"I looked across the street and I saw Shane standing by the corner of the truck," read Bristol Detective Charles Favoroso. "I aimed the gun at his head and pulled the trigger. Shane started to fall down. I shot two more times at him from the same distance across the street. I then walked to about 10, 15 feet away from where he was laying. He wasn't moving and was on his right side. I aimed at his body and shot him again."
The testimony brought muffled sobs from friends and relatives of the two youths, including Graber's father and Reilly's mother. Graber, a slight teenager with dark blond hair shaved at the sides, sat quietly through the reading.
According to police, Graber argued with Reilly over Kimberly Smith Winter, Reilly's 22-year-old girlfriend, in front of her mother's home on Corson Street. Graber then went home and got his father's .357 magnum revolver from a gun cabinet and returned to Corson Street, where he and Reilly began quarreling again, they said.
According to police, Reilly had accused Graber of seeing Winter, who is separated from her husband.
Graber pulled out the gun but did not shoot, police said. He left then returned a few minutes later and allegedly fired four shots at the victim.
A neighbor, David Girard, testified that he heard two bangs outside his house around midnight. He opened his front door and saw a flash, which he thought was made by a starter gun, he said. He then saw a person walking across Corson Street and heard another bang, which police said was Graber firing at Girard.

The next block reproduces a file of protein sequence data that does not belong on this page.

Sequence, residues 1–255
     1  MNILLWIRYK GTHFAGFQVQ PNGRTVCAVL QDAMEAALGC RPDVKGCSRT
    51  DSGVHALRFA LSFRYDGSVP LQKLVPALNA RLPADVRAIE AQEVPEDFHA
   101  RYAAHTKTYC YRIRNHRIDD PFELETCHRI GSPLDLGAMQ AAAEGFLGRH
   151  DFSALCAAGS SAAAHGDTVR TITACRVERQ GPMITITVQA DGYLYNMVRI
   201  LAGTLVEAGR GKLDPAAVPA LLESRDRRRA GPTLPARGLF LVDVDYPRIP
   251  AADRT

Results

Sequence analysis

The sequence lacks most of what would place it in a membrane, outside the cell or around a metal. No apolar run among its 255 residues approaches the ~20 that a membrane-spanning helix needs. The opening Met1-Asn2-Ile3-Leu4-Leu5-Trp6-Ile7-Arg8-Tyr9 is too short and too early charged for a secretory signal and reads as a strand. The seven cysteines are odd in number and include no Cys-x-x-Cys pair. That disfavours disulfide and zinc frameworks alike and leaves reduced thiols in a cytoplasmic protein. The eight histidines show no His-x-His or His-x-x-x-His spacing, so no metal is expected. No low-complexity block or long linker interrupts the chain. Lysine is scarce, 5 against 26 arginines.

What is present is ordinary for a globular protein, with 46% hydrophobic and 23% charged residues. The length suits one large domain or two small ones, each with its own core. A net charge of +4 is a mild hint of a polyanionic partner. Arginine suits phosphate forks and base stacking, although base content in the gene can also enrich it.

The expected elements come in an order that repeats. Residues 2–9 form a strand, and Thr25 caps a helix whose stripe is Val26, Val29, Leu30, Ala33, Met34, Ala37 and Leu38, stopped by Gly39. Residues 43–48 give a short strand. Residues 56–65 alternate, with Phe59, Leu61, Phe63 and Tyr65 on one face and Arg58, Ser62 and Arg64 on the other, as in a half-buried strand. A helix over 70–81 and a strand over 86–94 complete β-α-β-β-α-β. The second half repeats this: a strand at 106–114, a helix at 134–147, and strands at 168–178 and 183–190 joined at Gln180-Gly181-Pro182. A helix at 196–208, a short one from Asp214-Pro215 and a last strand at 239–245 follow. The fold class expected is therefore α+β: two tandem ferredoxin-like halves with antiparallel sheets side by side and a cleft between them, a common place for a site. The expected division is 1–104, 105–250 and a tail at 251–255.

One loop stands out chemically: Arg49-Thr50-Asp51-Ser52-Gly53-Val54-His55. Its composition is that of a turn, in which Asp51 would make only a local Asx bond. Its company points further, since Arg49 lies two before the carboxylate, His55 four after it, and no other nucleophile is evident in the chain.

"I looked to my right and saw something lying in the street. I ran over and that's when I found the body," Girard testified.
Reilly, a Bishop Egan High School senior, was shot in the head and shoulder, police said.
In addition to first-degree murder, Graber is charged with attempted murder, aggravated assault, reckless endangerment and weapons offenses.
Raymond F. McHugh, Graber's attorney, said the hearing went "pretty much as expected." He said he planned to contest the confession but declined to say on what grounds.
Several friends of Graber took off from school to attend the hearing. Annie Black, 15, said she went because she wanted to see Graber, perhaps for the last time.
"He's not the kind of person to do something like that. It's like it wasn't him," she said.
Students at Bristol Junior-Senior High School are split over how they feel about the incident. Some feel sorry for Graber while others "think he should get what he deserves," Black said.
Black said she just wished it never happened.
"I can't hate him for what he did. I was too close to him," she said.